Saturday, July 28, 2012


Alaska and beyond -- Salem & Portland, OR

The blogger (left) and his husband in the Wilderness Discoverer's skiff waiting to be taken on the final
exploration of the cruise.  

I recently filled out an evaluation and comments form that consisted pretty much exclusively of superlatives about the Alaskan cruise experience.  These small boat trips are not inexpensive but the directness of contact with the land, water, glaciers, wildlife and the chance to learn personally from the naturalists among the crew in areas that the huge cruise ships could not begin to navigate, is worth every penny.

On our tour of the engine room, by the way, we had also learned of all the regulations on garbage and used water disposal that our boat observed in order to keep the land and water of Alaska as clean and undisturbed by human presence as possible. 

It had been pouring rain in Juneau when we sailed, then the weather quickly cleared and we had perfect weather all week.  As we put in at Ketchikan the morning our cruise ended, it was foggy and raining--Ketchikan has an average of 280 days of rain a year.  I can't quite imagine living there and not going a bit crazy, but our waitress at dinner had come for a visit eight years ago and had never left.  The big cruise ships (at one time five were docked immediately adjacent to the downtown business district) fuel the town's economy during during the late spring, summer and very early fall before they sail south to ply the Caribbean for the winter.

Ketchikan has developed out into the waters of the straight on whose narrow shore it was founded as its fishing and tourist industries prospered and expanded.  All the buildings that you see and a good deal more behind have been built out over the waters of the straight.  We didn't tie up near the big ships that towered over the three story town but at a separate town dock a bit away from the center.  A courtesy shuttle took us to to a hospitality room from which we all departed to the airport or, in the case of the six of us, to our hotel as we were spending the day to explore the town.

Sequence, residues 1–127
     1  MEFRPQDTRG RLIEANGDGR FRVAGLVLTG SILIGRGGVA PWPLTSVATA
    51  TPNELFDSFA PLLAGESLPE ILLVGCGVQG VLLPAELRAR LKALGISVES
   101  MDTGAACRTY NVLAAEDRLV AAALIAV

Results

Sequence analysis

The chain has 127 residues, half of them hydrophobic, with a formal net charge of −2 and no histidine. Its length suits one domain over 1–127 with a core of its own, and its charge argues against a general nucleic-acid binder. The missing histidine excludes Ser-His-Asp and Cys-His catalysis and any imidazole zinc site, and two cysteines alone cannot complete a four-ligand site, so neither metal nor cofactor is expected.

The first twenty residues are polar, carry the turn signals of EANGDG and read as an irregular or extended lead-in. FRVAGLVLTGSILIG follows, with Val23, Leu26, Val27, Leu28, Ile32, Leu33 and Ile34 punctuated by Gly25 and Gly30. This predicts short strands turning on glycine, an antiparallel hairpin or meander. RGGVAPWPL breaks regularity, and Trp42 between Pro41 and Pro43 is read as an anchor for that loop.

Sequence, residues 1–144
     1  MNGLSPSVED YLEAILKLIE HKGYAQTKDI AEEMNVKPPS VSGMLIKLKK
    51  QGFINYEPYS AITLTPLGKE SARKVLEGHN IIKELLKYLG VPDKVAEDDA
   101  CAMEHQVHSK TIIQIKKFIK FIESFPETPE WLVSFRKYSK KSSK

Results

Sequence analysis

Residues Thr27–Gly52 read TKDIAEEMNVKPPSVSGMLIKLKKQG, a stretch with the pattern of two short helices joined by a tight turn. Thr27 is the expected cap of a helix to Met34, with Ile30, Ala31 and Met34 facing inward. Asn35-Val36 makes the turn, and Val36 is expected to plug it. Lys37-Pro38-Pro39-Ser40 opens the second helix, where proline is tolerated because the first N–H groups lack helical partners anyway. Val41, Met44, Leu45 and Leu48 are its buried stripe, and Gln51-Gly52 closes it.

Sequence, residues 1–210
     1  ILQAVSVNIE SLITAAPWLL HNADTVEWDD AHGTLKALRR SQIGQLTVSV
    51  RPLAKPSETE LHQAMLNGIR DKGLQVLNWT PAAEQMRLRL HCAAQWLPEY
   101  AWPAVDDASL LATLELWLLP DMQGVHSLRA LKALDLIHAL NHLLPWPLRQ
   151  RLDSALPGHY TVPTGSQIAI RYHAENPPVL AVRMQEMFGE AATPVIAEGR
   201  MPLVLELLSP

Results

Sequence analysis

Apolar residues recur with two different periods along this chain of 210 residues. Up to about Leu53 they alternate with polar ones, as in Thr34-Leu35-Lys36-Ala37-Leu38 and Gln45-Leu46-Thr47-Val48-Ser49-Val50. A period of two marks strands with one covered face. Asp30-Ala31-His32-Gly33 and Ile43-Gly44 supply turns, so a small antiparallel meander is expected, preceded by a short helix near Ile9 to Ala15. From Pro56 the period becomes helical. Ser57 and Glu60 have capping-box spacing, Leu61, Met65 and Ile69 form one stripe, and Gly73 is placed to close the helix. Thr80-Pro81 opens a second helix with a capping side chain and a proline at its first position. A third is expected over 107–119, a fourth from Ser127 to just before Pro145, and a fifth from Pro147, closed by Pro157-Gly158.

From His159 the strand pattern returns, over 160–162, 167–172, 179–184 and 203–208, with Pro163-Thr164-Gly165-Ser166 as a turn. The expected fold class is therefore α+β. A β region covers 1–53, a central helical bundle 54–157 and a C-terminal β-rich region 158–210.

Michael Rockwell (left corner), who collects and has good chops at interpreting the art of the Northwest, led us to the big totem park and cultural exhibit south of town.  This pole is a tribute to Abraham Lincoln.  If you look closely, you'll see that Lincoln, very tall in real life, is portrayed as having thighs but no calves or feet.  The photograph from which the native artist worked was framed only down to Lincoln's knees, so that is what the artist carved.  I wonder if the Tlingit people thought Lincoln was a little person.
 This pole on the other hand, is a pole of shame and humiliation.  The subject is William Seward, the Secretary of State who arranged the purchase of Alaska from Russia in 1867.  Seward came to Alaska and was greeted by the native people with a huge Potlatch, a multi-day gathering of clans that was meant to honor all who came, and frequently meant the hosts expending all their wealth in the process.  However it was not a one way street -- reciprocation was part of the deal, the honored leader of the other clans was expected to match and indeed top the Potlatch at which he had been entertained, throwing one for those who had honored him.

Seward failed completely to make the expected response.  He simply packed up all the art, artifacts and other gifts he had been given, and sailed away.  He sits in shame forever on his pole, seated on a box representing all the crates in which he packed his swag when he gave the Tlingit leaders the cold shoulder.